gms | German Medical Science

68th Annual Meeting of the German Society of Neurosurgery (DGNC)
7th Joint Meeting with the British Neurosurgical Society (SBNS)

German Society of Neurosurgery (DGNC)

14 - 17 May 2017, Magdeburg

Non invasive mapping of categorization function by navigated transcranial magnetic stimulation

Meeting Abstract

  • Stefanie Maurer - Klinikum rechts der Isar, TU München, Klinik für Neurochirurgie, München, Deutschland
  • Tobias Boeckh-Behrens - Neuroradiologie, Abteilung für Diagnostische und Interventionelle Neuroradiologie, München, Deutschland
  • Bernhard Meyer - Klinikum rechts der Isar, Technische Universität München, Neurochirurgische Klinik und Poliklinik, München, Deutschland
  • Sandro Krieg - Klinikum rechts der Isar TU München, Klinik für Neurochirurgie, München, Deutschland

Deutsche Gesellschaft für Neurochirurgie. Society of British Neurological Surgeons. 68. Jahrestagung der Deutschen Gesellschaft für Neurochirurgie (DGNC), 7. Joint Meeting mit der Society of British Neurological Surgeons (SBNS). Magdeburg, 14.-17.05.2017. Düsseldorf: German Medical Science GMS Publishing House; 2017. DocMi.18.06

doi: 10.3205/17dgnc489, urn:nbn:de:0183-17dgnc4890

Published: June 9, 2017

© 2017 Maurer et al.
This is an Open Access article distributed under the terms of the Creative Commons Attribution 4.0 License. See license information at



Objective: Over the past years navigated transcranial magnetic stimulation (rTMS) had become increasingly important for the preoperative examination and mapping of eloquent brain areas. Among other things it was demonstrated that the detection of neuropsychological function, like calculation or face recognition, seems feasible with rTMS. Since the avoidance of postoperative impairment are of broad interest in neurosurgery and neuroscience this study now aims on the investigation of the cortical mapping of categorization function via rTMS.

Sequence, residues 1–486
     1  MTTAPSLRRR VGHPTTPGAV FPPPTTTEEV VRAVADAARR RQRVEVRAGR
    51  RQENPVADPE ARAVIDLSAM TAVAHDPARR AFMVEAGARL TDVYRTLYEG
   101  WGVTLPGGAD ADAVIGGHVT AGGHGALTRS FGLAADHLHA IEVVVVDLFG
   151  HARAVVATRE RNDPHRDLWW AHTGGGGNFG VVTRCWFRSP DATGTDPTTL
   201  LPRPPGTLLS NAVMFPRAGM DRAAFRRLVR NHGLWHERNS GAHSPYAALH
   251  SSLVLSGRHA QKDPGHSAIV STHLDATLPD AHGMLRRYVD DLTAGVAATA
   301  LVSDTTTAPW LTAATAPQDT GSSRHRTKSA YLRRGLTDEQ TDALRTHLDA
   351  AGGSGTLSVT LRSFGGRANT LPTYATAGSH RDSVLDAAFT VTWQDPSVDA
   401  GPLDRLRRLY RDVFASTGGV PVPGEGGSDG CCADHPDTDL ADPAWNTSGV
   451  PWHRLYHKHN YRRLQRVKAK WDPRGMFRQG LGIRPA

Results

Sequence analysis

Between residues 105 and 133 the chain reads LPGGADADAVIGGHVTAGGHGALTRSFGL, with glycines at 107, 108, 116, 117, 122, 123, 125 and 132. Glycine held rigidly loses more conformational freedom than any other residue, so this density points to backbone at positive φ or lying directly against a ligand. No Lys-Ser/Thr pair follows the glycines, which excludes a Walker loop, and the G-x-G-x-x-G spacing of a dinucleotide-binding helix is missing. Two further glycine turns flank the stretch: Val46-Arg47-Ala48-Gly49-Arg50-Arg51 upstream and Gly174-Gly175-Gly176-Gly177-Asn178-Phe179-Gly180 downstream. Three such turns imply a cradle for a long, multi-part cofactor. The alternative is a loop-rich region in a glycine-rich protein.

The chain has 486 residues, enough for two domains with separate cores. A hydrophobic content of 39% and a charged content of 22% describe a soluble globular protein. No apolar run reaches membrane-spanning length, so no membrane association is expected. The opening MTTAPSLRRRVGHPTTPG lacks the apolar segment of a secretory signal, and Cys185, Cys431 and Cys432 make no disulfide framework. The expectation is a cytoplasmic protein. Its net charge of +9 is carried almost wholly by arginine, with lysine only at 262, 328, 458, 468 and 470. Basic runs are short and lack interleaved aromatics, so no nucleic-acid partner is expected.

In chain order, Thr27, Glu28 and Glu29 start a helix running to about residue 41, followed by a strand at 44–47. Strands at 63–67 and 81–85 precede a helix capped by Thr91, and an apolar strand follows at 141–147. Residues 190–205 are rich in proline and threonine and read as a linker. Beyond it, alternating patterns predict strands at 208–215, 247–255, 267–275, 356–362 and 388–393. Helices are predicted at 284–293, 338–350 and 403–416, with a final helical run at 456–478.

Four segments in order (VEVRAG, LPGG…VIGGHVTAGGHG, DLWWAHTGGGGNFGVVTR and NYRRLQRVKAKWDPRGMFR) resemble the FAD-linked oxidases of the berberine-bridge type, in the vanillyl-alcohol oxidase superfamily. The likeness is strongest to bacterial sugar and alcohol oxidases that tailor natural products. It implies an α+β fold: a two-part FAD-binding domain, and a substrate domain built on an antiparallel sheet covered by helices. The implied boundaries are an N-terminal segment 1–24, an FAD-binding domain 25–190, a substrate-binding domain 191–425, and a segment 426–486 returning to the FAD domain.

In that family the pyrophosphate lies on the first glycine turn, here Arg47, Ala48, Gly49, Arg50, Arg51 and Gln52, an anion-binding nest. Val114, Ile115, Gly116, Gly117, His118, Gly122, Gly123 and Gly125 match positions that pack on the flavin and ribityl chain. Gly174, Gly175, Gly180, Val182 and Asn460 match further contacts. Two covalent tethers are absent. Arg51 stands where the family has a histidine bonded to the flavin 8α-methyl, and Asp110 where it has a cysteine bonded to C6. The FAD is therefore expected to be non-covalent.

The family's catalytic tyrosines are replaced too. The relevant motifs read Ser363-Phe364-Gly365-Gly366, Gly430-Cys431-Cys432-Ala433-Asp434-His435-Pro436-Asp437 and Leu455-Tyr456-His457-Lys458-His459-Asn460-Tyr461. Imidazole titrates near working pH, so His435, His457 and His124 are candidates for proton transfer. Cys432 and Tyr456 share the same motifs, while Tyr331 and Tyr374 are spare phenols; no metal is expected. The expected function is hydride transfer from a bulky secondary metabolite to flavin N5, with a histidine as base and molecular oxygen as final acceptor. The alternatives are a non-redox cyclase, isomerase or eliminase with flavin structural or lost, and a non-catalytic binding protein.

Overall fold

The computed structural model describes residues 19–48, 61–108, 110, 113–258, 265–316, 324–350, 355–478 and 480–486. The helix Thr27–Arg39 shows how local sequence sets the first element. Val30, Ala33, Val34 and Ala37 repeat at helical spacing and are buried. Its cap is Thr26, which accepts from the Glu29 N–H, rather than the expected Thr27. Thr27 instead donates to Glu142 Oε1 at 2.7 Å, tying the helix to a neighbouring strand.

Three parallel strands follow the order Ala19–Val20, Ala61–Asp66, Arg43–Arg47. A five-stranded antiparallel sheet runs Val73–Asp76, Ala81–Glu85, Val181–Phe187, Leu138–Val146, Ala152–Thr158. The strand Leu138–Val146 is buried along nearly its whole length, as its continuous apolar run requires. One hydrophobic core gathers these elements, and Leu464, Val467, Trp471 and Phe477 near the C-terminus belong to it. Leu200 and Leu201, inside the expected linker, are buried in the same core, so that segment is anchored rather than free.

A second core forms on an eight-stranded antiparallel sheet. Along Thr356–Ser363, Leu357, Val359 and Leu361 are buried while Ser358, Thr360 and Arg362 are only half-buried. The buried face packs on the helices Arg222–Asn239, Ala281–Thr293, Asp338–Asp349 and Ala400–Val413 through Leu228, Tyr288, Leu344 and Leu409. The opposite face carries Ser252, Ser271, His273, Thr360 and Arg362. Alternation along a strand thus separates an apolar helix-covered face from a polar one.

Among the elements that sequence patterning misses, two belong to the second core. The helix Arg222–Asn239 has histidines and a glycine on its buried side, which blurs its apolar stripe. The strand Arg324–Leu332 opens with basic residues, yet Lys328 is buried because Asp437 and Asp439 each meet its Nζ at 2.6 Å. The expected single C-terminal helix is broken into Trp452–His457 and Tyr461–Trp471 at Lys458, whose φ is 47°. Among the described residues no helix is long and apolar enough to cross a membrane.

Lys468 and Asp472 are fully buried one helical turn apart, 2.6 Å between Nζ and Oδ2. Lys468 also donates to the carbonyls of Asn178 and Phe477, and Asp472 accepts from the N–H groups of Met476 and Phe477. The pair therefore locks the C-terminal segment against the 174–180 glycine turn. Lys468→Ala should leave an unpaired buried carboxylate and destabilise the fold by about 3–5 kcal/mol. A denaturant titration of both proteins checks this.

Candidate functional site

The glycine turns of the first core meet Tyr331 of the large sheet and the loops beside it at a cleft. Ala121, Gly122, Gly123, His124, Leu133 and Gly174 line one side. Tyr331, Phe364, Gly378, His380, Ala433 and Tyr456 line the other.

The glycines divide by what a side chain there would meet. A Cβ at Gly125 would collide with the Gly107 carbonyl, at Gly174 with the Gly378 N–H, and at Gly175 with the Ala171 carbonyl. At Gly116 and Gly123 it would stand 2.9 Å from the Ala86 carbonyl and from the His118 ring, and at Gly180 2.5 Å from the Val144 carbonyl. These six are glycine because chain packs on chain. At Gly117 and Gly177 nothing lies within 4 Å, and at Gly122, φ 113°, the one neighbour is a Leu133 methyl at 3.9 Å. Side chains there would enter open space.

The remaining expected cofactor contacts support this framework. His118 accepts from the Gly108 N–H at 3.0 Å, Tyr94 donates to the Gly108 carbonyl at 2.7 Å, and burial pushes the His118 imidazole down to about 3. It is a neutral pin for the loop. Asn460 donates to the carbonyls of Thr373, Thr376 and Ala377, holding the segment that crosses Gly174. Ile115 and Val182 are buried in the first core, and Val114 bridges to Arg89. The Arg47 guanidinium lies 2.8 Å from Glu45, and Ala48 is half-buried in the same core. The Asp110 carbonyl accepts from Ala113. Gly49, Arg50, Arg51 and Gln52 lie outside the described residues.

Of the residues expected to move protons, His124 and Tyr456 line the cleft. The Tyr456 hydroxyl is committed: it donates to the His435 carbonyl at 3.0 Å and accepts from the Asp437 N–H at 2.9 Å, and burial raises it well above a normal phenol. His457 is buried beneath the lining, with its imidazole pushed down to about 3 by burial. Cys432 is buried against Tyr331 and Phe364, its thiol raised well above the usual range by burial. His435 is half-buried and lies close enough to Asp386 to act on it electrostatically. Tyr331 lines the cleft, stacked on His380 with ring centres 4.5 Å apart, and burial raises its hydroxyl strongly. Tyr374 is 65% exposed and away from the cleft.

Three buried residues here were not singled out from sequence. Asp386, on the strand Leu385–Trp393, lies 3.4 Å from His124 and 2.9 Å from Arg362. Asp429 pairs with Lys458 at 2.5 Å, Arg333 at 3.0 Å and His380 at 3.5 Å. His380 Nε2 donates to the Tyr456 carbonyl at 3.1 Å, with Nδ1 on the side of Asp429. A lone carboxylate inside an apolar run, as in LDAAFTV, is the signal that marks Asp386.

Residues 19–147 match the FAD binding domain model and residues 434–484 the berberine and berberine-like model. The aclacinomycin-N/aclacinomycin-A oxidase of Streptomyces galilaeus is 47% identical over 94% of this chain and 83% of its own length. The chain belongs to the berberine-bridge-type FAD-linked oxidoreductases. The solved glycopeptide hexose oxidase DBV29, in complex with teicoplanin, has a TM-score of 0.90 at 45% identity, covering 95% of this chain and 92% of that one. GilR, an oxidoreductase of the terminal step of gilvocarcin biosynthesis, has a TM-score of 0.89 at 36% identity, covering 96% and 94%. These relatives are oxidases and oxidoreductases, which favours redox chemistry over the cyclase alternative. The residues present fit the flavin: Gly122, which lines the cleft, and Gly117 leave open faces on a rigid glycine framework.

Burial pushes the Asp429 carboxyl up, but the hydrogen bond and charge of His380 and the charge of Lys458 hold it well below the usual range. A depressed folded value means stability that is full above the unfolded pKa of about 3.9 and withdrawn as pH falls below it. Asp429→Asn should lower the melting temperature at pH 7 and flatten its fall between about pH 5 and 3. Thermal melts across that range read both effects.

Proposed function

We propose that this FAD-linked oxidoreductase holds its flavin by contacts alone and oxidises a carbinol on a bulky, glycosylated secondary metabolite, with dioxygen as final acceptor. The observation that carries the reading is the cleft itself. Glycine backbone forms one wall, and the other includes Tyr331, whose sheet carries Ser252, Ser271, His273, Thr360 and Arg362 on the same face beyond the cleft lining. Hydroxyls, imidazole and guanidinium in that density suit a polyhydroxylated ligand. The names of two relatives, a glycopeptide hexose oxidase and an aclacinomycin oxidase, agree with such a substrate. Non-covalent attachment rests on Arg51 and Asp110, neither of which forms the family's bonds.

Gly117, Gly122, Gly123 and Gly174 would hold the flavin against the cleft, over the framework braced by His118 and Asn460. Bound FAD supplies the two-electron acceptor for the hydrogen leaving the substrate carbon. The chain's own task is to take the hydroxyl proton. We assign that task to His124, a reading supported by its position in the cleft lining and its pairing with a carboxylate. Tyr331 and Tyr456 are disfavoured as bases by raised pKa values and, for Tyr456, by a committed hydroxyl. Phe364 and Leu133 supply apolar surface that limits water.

Methods: 20 volunteers (11 female, 9 male) purely right-handed and without any medical deficiency underwent rTMS mapping for cortical categorization function using 5 Hz/10 pulses. 52 cortical spots spread over the whole hemispheres were stimulated. Both hemispheres were examined randomly with 2 weeks delay between both mappings. The task consisted of 80 pictures of living and non-living images, which the volunteers were instructed to categorize while rTMS pulses were applied.

Results: The highest error rates for all errors of all subjects were observed in the left hemisphere´s posterior middle frontal gyrus (pMFG) with an error rate of 60%, as well as in the right hemisphere´s pMFG and posterior supramarginal gyrus with a 45% error rate each. In total the categorization of non-living objects elicited more errors over both hemispheres than the recognition of living objects.

Conclusion: rTMS seems feasible for the detection of categorization function. Moreover, the observed bihemispheric representation, as well as the higher error incidence for the categorization of non-living objects is well in accordance with current literature. Clinical applicability for preoperative mapping in brain tumor patients has to be evaluated as the next step.